You might think of these Web off-shoots as a bottomless pit of sidebars. While in pre-wired days you might have offered an editor a short sidebar of helpful places readers could call or write for more information on your subject, now you can add whole pages of resources that would otherwise blow your word count sky-high. Your print profile of a film director might include a short box of quotes from him on actors and actresses he's worked with; online, you can share everything interesting he said about everybody he ever put on screen, plus a complete filmography with his comments on each movie he's made.
The idea isn't to offer editors the dregs of your notebook. But if in the course of researching you gather material that might be of interest to readers who want to pursue your subject in more depth, pitch it for the Web. Or if your notebook fills up with data that's unusable as such in print because of its breadth and narrow interest—like the newspaper's report card on neighborhood schools—suggest an online annex to your article.
Five magazine editors respond.
When to Pitch the Web
Rather than after-the-fact, of course, this Web-centric thinking can best be applied when you're conceiving the article idea—to sweeten your query. Think of the editor, desperate to jazz up his Web site but lacking the resources for original content, who gets a query like this:
In addition to the 2,500-word article for your magazine, I could provide a listing of 100 centers that offer the innovative programs I'll describe. With addresses, phone numbers, e-mail addresses and Web site URLs, this listing would make a perfect companion piece for your Web site.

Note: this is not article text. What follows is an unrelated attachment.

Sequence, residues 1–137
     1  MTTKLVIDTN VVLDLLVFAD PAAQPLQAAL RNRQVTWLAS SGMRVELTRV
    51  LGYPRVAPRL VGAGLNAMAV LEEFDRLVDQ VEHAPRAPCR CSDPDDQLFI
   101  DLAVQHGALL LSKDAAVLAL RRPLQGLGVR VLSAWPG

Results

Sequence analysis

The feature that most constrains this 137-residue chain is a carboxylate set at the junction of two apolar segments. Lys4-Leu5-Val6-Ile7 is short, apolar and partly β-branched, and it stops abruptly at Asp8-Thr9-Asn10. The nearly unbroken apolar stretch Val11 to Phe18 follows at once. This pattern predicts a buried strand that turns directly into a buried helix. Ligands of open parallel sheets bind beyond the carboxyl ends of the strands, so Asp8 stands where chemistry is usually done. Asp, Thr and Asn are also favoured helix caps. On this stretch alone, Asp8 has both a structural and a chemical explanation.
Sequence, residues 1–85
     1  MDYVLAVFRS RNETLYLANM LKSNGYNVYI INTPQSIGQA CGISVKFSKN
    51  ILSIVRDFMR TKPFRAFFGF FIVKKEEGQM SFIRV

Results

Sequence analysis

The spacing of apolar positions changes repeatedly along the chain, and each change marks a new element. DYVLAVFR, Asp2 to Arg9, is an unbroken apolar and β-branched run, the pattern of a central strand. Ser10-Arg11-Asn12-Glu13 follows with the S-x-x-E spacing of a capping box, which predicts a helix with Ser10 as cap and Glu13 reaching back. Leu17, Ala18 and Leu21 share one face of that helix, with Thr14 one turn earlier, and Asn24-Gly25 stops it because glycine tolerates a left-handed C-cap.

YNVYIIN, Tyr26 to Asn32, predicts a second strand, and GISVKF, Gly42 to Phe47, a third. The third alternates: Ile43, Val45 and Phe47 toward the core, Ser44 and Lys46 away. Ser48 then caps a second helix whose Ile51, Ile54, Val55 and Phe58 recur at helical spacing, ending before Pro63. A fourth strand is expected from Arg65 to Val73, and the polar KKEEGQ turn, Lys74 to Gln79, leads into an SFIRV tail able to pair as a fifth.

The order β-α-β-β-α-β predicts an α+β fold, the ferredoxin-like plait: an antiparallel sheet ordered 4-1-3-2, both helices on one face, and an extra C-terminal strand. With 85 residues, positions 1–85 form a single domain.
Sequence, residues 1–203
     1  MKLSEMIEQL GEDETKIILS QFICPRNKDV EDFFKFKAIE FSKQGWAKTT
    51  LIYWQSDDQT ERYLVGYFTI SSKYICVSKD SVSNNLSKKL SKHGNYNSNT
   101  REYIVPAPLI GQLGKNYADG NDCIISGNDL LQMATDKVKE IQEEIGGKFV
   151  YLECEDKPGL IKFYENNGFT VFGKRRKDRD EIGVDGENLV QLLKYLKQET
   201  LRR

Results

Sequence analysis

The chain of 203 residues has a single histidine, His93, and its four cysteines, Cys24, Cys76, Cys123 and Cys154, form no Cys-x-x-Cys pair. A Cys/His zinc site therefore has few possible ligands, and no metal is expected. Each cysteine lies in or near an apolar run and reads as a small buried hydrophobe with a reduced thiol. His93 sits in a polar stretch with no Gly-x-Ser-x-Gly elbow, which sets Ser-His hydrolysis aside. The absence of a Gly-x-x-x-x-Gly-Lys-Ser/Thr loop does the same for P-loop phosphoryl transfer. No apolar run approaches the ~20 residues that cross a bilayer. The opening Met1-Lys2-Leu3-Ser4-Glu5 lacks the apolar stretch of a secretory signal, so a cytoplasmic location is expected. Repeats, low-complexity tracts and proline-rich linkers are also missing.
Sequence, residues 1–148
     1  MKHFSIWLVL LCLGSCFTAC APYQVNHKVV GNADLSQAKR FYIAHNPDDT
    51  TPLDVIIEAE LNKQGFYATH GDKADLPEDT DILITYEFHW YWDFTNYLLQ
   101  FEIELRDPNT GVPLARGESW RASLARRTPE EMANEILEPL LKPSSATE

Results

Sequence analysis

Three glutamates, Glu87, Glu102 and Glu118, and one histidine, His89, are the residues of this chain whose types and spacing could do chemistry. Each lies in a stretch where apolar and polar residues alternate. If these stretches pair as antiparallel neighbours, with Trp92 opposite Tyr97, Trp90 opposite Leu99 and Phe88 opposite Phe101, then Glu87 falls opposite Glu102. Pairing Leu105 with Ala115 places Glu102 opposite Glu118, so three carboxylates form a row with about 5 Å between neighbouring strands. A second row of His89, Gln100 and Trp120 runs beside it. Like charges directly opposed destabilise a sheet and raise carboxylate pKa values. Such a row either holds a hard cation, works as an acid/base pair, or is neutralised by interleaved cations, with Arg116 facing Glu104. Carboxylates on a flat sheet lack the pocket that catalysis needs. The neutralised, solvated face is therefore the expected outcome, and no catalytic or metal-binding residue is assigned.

Sounds like a lot of work for the writer, though, doesn't it? Creating Web "extras" might be a huge chore (for not much more money, if any), except that most of them involve more typing than really writing. You've already gathered these lists, found the filmography, copied down the phone numbers, noted the books for recommended reading. If typing up previously printed lists of facts proves too much of a chore, invest in a simple scanner with text-recognition software, available for about $200.)
The Web, in fact, resists weaving facts into text—the medium prefers its data raw, unadorned. Even when you do offer sentences rather than lists for the Web, thee iron rule is to keep it short. (On screen, 200 words looks like a formidable reading challenge; in print, 200 words is just clearing your throat.)
If that doesn't sound exactly like the kind of writing you dream of, remember the big picture with which we began: Thousands of Web sites are spin-offs of print periodicals. Use your Web savvy, think like a stressed-out editor who's been told to get the "new-media" religion, and ride the World Wide Web bandwagon—right into print.
David A. Fryxell, former editor in chief of Writer's Digest magazine, is the publisher of Desert Exposure, a monthly tabloid serving southwestern New Mexico.